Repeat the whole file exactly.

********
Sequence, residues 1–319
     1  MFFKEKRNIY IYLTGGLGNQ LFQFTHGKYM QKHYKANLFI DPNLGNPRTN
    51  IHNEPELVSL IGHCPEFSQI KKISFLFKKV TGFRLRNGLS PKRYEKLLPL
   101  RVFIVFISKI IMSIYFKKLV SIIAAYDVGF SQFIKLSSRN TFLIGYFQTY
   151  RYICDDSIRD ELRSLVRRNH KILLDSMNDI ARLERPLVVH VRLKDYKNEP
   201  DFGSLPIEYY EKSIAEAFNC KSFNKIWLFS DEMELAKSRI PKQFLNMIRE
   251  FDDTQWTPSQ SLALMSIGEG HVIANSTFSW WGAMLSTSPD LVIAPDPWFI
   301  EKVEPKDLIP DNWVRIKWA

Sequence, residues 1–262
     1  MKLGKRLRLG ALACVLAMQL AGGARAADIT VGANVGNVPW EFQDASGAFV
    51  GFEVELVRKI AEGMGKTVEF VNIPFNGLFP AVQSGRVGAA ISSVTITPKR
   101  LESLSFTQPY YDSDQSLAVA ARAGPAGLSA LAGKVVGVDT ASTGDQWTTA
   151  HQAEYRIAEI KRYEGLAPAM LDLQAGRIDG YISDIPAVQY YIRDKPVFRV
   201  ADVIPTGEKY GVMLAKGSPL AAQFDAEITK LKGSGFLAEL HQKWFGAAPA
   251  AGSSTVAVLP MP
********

Sequence, residues 1–319
     1  MFFKEKRNIY IYLTGGLGNQ LFQFTHGKYM QKHYKANLFI DPNLGNPRTN
    51  IHNEPELVSL IGHCPEFSQI KKISFLFKKV TGFRLRNGLS PKRYEKLLPL
   101  RVFIVFISKI IMSIYFKKLV SIIAAYDVGF SQFIKLSSRN TFLIGYFQTY
   151  RYICDDSIRD ELRSLVRRNH KILLDSMNDI ARLERPLVVH VRLKDYKNEP
   201  DFGSLPIEYY EKSIAEAFNC KSFNKIWLFS DEMELAKSRI PKQFLNMIRE
   251  FDDTQWTPSQ SLALMSIGEG HVIANSTFSW WGAMLSTSPD LVIAPDPWFI
   301  EKVEPKDLIP DNWVRIKWA

Sequence, residues 1–262
     1  MKLGKRLRLG ALACVLAMQL AGGARAADIT VGANVGNVPW EFQDASGAFV
    51  GFEVELVRKI AEGMGKTVEF VNIPFNGLFP AVQSGRVGAA ISSVTITPKR
   101  LESLSFTQPY YDSDQSLAVA ARAGPAGLSA LAGKVVGVDT ASTGDQWTTA
   151  HQAEYRIAEI KRYEGLAPAM LDLQAGRIDG YISDIPAVQY YIRDKPVFRV
   201  ADVIPTGEKY GVMLAKGSPL AAQFDAEITK LKGSGFLAEL HQKWFGAAPA
   251  AGSSTVAVLP MP